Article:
Trigger warning for discussions of rape and violence.
I have been lucky. As a 23-year-old female who has graduated college, lived abroad, lived alone in a few cities and is currently living in a place where women have very few legal rights, I have been very lucky. No other person has physically violated my body in the worst possible way a person can be violated, and that is a blessing I am very, very much aware of.
But the odds are stacked up against someone like me. These are the facts we know too well: In the United States, one in five women are raped. One in three women in college have experienced attempted or completed rape. And these numbers would be multiplied tenfold if I lived in a current warzone. Rape is out of control. Sexual violence is out of control. Sick entitlement to other people’s bodies, baseless victim blaming and excusing perpetrators are out of control. We live in a world, in societies, in communities, where a statistically disproportionate amount of men are told that they have a genetic birthright to touch and take what isn’t theirs, like a bunch of conscienceless rabid animals. Where alcohol or drugs or anger is an excuse. Where an unconscious human is an invitation. Where the absence of “no” automatically means “yes”.
Yeah, I’m pretty lucky. But about a month ago, I was almost not so lucky. Like my cherished childhood friends who’ve had to face the trauma of rape, or the countless women I met in college who’ve experienced sexual violence, or the new friends I’ve made across the world who have been forced to sit, utterly powerless, as grown men felt that they were allowed to grope and touch their defenseless bodies, I became a victim myself – but I was lucky enough to get out before this evil got the chance to strike. It shook me, like hearing those stories shakes me, and filled me with the blindest of rages and the deepest of fears.
I don’t need to go through grimy details of what happened that evening. To put it simply, it involved a humiliating excuse of a man, a cab, a dark highway leading to nowhere, and me throwing myself out of a moving vehicle. That night, I got the chance to give a rigid middle finger to a person who thought he could render me powerless, who had the fucking audacity to believe for a good twenty-five minutes that he was going to get away with it in the shadowy darkness, who dared to think in his sick twisted mind that he could take advantage of me – a physically weak girl, by herself, in a city that is not her own.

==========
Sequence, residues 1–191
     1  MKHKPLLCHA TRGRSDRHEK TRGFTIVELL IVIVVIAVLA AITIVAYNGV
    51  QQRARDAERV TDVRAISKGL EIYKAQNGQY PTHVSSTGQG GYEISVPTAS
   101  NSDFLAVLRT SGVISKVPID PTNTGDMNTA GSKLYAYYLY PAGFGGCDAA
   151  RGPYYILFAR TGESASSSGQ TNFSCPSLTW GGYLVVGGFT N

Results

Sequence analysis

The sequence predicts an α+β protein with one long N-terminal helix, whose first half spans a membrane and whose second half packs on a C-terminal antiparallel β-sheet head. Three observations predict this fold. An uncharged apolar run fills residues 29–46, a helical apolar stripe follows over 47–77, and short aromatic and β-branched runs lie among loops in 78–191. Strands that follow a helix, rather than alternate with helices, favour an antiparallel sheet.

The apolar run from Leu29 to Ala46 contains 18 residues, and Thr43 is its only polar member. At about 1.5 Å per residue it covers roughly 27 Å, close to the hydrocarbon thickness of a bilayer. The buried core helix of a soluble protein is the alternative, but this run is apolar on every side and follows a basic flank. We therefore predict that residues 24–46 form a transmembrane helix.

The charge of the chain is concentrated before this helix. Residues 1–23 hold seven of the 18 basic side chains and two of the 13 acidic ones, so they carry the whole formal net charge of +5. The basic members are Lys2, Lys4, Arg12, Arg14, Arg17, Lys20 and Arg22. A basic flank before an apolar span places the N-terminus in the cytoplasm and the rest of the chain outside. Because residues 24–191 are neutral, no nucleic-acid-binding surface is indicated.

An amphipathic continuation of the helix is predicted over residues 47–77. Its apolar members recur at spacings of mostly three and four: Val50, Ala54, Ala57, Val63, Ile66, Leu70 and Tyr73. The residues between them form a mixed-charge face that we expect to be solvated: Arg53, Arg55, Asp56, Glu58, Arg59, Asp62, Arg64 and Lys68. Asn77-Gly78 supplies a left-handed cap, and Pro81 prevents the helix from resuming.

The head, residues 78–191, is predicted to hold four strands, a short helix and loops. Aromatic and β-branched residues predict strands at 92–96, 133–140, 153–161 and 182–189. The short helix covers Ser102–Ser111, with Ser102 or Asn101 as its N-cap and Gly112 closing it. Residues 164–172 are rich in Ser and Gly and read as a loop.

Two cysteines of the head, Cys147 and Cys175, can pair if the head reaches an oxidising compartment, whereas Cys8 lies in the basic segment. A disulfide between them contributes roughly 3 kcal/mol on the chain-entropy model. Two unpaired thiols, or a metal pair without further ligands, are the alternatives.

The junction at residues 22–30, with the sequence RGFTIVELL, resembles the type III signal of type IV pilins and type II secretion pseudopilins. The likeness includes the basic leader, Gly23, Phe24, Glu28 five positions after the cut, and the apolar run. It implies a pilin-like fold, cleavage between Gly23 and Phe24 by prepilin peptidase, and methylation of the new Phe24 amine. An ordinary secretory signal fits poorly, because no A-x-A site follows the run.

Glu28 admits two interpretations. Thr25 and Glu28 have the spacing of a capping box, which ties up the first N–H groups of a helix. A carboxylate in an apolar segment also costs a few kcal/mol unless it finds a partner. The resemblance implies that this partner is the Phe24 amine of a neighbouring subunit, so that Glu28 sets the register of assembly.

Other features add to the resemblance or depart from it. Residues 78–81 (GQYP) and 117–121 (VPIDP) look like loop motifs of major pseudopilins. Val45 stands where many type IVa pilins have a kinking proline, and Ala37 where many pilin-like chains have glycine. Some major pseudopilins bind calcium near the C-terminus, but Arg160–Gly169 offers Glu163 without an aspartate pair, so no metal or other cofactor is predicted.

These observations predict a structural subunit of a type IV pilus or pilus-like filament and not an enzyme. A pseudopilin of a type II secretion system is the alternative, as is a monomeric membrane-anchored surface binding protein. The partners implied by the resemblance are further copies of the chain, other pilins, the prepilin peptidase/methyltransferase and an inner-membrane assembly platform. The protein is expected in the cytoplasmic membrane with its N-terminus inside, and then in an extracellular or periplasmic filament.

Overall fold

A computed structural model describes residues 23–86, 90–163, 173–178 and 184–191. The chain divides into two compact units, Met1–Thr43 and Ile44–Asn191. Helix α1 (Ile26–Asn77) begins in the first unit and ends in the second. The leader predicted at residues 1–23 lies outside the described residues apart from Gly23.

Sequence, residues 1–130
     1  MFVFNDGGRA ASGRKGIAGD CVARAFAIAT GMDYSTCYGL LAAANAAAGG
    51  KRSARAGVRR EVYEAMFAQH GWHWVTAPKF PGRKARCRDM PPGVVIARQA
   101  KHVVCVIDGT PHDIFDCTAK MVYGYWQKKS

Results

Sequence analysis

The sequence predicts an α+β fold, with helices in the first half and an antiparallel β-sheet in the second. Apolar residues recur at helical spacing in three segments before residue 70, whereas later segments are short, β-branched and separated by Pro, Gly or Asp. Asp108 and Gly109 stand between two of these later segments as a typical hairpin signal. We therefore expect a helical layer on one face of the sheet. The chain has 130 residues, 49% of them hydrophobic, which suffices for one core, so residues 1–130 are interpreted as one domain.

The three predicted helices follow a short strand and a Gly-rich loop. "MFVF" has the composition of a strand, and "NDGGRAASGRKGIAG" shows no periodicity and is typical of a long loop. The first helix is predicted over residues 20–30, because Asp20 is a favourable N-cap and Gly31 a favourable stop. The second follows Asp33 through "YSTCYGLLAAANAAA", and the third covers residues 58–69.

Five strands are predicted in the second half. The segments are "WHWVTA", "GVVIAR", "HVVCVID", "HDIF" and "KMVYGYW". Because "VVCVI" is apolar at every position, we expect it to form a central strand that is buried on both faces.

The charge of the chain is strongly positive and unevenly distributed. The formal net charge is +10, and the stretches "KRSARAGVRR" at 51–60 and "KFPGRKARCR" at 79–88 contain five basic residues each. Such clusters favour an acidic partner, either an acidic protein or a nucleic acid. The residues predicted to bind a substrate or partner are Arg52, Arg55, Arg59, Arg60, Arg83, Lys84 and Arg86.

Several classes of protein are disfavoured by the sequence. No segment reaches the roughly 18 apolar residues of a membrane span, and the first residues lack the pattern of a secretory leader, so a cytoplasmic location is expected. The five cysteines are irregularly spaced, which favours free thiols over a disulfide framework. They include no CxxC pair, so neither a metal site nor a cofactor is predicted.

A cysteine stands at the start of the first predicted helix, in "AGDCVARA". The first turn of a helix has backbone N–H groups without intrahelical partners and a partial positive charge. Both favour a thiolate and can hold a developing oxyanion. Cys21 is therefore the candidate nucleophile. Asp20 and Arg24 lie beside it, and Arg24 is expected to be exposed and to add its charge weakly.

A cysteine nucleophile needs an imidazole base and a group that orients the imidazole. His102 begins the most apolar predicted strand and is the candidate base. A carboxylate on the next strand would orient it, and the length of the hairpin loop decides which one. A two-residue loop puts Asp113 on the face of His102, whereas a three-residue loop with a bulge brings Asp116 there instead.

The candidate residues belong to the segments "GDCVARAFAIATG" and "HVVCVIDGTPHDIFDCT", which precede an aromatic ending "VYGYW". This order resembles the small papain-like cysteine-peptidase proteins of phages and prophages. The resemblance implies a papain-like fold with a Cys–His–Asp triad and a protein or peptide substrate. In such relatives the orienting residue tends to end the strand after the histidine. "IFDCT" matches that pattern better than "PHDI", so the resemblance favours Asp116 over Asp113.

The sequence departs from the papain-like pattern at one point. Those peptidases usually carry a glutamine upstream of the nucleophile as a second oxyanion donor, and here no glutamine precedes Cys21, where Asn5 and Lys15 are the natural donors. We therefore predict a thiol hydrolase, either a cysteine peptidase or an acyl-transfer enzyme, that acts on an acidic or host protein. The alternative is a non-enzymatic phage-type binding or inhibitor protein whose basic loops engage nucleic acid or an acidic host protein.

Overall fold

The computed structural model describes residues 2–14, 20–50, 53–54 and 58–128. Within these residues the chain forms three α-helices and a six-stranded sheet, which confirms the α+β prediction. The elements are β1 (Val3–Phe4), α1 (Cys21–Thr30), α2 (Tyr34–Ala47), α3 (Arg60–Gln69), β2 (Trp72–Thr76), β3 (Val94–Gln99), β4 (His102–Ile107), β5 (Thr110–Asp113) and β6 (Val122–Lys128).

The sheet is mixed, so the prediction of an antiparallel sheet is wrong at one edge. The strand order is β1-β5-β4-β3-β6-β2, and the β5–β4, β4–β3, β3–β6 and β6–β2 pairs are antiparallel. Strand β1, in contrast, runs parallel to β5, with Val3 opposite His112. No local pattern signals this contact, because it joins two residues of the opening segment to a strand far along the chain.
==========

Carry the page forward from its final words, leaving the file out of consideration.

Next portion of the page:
That night, I was given a choice: to jump or not to jump. To get out, or not to get out. To let him control my life, or not. To let him take charge of my body, my personhood, or not. It was a realization so stark, so real, so utterly blunt – that I almost didn’t do anything at all. In fact, if I had not been texting a friend, and had she not told me to “Get out NOW”, I might not have moved. I was paralyzed, frozen, my bottom glued to the seat. I felt like a gun was pressed cold against my temple, and if I blinked it might go off and crack my skull open. But if I didn’t move at all, it would just fire anyway.
But somehow, somewhere, I found it in myself to jump. This thing inside me, deep in my stomach, rattled my innards and screamed until its voice was hoarse and its vocal chords were bloody, begging me to take the chance. To jump. To save myself.
I was lucky. I was given the choice.
Choice is rare.
With rape, there is no choice. With sexual violence, there is no choice. If someone is evil and sick enough to want to take advantage of another person, they will. Victims of violence, of rape, of sexual assault, of any form of physical violation – they do not have a choice. The girl from Steubenville did not have a choice. The people sexually assaulted every two minutes in the US do not have a choice. My best friend did not have a choice. My friends in college did not have a choice. My roommate did not have a choice. This actress did not have the choice. This city councilor did not have the choice. And if that driver was paying attention – and if I wasn’t quick enough to take him off guard – I too would not have had the choice.
None of us have a choice when it comes to someone else violating what is most sacred to us.
This choice – this very clear decision – lies with no one else but the perpetrators themselves. This choice is very, very simple: Are you going to act violently towards someone vulnerable, or not? Are you going to violate another person’s body, or not? Are you going to put your dick or finger somewhere it doesn’t belong, without permission, or not? Are you going to be a fucking rapist, or not?
It’s really, really, very simple.
Because how can it be possible for anything with a human brain, a human conscience, to blame the casualties, the victims, the downtrodden – the ones who never had a choice in the first place?
How does that make any sense?
And this is where our global dialogue needs to change. It has to. It must. If we are going to move forward, to achieve some speck of justice within our communities and ourselves, we need to understand – to really understand – that there is a difference between the person who commits sexual assault, and the person who is the victim. One has the choice. The other does not. One is guilty. The other is not.
And that’s really all there is to it.
Written by Alia Gilbert
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